Increasingly, women are making inroads into male dominated industries, but little emphasis is placed on men catching up in female dominated industries. Companies can’t be selective about where to push for equality – it should be happening across the board.
Nursing – From Sisters to Charges
In the US in 1970, only 2.7% of registered nurses were men. By 2011, that number had only increased to 9.6%. Interestingly in the same year, 16.8% of nurses were non-Caucasian, indicating that the industry is further behind in gender diversity than it is in racial and ethnic diversity. It should be noted that despite this disparity, men out-earned women as nurses in 2011, making $60,700 to their $51,000, although this gap is still smaller than in other professions.
Meet Dave, not the nurse you’d expect:
These nurses are hopeful that the tide is changing, and more men will continue to train and work as nurses.
X and Y and why cognitive diversity matters
To truly diversify a workforce, it’s not just about X’s and Y’s or even ethnic and cultural diversity. While these are all important, cognitive and neurodiversity are now being recognised as an under-appreciated area of team diversity.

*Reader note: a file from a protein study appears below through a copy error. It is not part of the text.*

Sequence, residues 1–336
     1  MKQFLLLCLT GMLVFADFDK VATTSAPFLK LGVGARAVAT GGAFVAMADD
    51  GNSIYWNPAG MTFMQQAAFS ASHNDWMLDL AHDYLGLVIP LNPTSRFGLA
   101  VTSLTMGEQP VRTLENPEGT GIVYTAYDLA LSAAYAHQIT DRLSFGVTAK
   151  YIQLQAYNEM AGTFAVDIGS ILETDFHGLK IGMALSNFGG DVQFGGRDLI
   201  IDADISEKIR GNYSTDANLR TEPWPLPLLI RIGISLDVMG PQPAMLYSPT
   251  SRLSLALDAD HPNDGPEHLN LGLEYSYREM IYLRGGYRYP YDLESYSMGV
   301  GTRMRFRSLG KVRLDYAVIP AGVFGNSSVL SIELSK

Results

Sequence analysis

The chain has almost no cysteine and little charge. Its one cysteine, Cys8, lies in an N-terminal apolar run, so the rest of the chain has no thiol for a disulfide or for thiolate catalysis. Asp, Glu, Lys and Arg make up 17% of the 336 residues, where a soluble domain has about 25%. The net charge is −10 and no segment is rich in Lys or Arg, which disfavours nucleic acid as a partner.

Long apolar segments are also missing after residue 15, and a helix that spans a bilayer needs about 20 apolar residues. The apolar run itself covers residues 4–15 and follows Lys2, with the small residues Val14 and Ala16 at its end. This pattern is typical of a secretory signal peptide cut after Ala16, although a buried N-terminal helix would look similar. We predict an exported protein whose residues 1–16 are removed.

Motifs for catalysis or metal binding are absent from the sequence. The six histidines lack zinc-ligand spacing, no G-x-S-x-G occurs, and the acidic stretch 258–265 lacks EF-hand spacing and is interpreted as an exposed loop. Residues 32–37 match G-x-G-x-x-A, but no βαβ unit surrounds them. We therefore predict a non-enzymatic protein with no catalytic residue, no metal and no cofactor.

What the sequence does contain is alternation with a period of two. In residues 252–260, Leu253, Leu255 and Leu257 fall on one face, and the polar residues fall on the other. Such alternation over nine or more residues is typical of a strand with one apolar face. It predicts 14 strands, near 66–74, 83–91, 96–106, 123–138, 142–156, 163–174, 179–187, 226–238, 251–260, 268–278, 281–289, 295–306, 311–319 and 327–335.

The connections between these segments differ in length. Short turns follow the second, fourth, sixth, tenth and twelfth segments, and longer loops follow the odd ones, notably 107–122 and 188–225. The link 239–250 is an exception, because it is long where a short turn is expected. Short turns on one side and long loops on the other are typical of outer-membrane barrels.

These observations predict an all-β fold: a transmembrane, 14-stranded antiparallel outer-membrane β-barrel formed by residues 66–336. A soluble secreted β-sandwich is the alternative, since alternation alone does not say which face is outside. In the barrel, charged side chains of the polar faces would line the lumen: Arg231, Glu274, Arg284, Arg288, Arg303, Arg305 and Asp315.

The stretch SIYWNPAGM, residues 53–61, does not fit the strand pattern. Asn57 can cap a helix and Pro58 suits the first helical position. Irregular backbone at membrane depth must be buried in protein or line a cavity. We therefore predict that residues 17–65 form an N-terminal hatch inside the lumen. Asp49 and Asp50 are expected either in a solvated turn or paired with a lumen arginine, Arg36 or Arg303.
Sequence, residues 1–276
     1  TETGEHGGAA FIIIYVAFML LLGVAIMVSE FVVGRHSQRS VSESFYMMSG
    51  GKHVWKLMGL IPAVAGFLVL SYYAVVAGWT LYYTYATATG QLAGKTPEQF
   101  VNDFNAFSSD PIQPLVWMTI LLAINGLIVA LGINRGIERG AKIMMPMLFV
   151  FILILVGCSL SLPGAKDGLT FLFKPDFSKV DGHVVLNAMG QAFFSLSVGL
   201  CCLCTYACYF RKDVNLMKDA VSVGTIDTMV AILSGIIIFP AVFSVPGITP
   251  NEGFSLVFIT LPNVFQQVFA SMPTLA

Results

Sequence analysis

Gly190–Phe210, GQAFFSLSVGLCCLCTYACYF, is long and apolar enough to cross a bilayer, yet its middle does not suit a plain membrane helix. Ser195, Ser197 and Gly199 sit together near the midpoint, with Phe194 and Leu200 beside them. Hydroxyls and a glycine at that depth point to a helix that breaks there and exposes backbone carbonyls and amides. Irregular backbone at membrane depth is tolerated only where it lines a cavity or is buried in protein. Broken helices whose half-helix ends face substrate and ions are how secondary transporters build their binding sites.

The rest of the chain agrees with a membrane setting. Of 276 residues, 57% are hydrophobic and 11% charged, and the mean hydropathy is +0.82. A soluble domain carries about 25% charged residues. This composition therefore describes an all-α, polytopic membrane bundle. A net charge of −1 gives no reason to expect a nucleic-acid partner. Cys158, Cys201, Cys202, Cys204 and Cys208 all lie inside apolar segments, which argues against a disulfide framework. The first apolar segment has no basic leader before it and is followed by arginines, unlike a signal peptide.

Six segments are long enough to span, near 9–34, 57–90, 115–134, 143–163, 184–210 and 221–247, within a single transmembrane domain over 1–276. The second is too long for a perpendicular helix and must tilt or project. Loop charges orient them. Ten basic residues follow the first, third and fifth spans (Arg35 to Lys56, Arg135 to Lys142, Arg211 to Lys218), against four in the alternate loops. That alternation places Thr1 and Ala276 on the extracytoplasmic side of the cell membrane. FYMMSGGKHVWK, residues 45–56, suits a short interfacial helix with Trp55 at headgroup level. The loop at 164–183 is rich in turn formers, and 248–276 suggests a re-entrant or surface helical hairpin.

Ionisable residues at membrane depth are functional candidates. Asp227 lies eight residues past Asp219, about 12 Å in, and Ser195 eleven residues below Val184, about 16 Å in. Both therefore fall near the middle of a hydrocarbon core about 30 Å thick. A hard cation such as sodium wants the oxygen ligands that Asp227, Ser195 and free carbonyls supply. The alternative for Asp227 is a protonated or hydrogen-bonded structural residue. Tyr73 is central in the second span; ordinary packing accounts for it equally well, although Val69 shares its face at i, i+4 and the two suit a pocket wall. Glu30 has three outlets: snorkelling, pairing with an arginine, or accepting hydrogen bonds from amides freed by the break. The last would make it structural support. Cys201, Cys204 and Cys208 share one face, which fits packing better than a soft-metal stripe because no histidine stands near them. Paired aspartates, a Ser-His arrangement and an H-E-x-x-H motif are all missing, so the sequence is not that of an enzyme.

So, what is cognitive diversity?
Cognitive diversity has been defined as differences in perspective or information processing styles, and it is not predicted by factors such as gender, ethnicity or age.
According to Harvard Business Review, teams solve problems faster when they’re more cognitively diverse. As it is an internal difference, it requires more work from companies to uncover and harness the benefits of cognitive diversity. Companies must remember the bias of “we recruit in our own image” when looking to hire across all demographics. That may even mean adjusting the recruitment process or ways of testing candidates to avoid missing out on talent. Remember, you can’t judge a fish by its ability to climb a tree!
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